“It was always weird. When he goes on those rants, it’s like, how do you react? How do you respond to something like that? Players kind of just stayed away from him. We knew every time it would be you and him, he would go on some kind of weird rant. We would just kind of stay away from him. He did a great job in terms of winning. Off the court, something weird is always going to come out.”

Can you imagine that response to either Bobby Knight or John Wooden?  But at GW many players have left the school, refusing to play under the coach’s tutelage.  He may yet be dismissed and possibly also sued for creating an abusive environment.  In the old days, at the end the team wins, everyone bonds, and the coach is a hero.  Or was it really ever like that?  Maybe we have just stopped pretending.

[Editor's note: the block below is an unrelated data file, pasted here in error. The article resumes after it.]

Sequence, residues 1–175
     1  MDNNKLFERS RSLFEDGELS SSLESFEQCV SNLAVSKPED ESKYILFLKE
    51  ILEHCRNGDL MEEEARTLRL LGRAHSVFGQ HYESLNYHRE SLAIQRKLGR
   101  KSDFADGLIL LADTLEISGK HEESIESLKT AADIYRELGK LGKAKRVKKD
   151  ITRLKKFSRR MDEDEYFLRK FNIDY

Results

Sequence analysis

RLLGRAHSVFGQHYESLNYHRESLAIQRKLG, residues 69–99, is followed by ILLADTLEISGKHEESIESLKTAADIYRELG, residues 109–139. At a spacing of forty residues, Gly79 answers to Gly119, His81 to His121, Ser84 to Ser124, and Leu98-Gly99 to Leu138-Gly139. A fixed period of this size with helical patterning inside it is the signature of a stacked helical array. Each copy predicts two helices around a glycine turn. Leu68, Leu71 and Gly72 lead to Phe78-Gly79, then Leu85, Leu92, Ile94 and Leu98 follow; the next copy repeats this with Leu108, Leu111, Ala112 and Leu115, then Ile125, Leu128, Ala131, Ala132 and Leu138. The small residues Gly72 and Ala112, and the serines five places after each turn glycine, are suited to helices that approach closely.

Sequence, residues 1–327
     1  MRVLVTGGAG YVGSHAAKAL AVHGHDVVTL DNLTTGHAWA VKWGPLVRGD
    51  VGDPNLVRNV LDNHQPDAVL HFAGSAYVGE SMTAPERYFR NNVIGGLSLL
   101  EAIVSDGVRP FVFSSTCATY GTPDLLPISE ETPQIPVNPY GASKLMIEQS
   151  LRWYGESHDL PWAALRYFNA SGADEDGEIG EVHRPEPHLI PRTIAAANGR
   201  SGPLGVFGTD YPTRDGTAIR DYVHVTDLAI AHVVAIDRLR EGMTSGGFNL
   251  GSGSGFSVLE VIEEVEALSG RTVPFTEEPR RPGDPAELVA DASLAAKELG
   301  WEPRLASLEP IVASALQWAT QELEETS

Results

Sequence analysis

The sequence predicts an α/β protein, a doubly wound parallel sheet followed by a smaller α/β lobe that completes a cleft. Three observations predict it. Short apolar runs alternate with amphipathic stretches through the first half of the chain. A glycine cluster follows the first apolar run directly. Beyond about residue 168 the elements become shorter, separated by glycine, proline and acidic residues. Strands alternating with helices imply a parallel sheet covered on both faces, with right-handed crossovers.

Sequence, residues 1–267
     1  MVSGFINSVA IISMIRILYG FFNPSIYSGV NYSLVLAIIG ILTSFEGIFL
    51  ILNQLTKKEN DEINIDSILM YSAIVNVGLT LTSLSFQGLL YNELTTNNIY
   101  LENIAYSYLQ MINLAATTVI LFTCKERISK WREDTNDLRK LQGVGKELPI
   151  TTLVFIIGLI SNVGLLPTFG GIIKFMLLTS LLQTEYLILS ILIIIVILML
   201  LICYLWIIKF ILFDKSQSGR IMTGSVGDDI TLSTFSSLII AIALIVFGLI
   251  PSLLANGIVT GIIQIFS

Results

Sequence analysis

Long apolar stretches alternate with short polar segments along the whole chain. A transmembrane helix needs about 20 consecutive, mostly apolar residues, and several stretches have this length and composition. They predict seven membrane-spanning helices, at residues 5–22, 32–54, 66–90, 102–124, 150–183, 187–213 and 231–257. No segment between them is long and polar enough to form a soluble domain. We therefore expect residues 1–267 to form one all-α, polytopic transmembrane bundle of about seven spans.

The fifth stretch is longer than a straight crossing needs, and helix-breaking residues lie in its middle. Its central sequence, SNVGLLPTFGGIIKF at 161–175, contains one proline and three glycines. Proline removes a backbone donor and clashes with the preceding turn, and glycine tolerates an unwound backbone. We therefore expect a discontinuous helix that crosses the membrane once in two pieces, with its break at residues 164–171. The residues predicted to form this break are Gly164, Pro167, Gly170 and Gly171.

That is via Peter Boettke.  Via Mark Thorson, the Japanese just made their last VCR player.

That is a new paper by René Böheim, Christoph Freudenthaler, and Mario Lackner, the abstract is to the point:

We analyze gender differences in risk-taking in high-pressure situations. Using novel data from professional athletes (NBA and WNBA), we find that male teams increase their risk-taking towards the end of matches when a successful risky strategy could secure winning the match. Female teams, in contrast, reduce their risk-taking in these situations. The less time left in a match, the larger is the gap. When the costs of an unsuccessful risky strategy are very large (losing the tournament), we find no increase in risk-taking for male teams.

This is consistent with the broader portfolio evidence on risk-taking.  For the pointer I thank the excellent Kevin Lewis.

Justin Winkler has a new thesis from Haverford (pdf):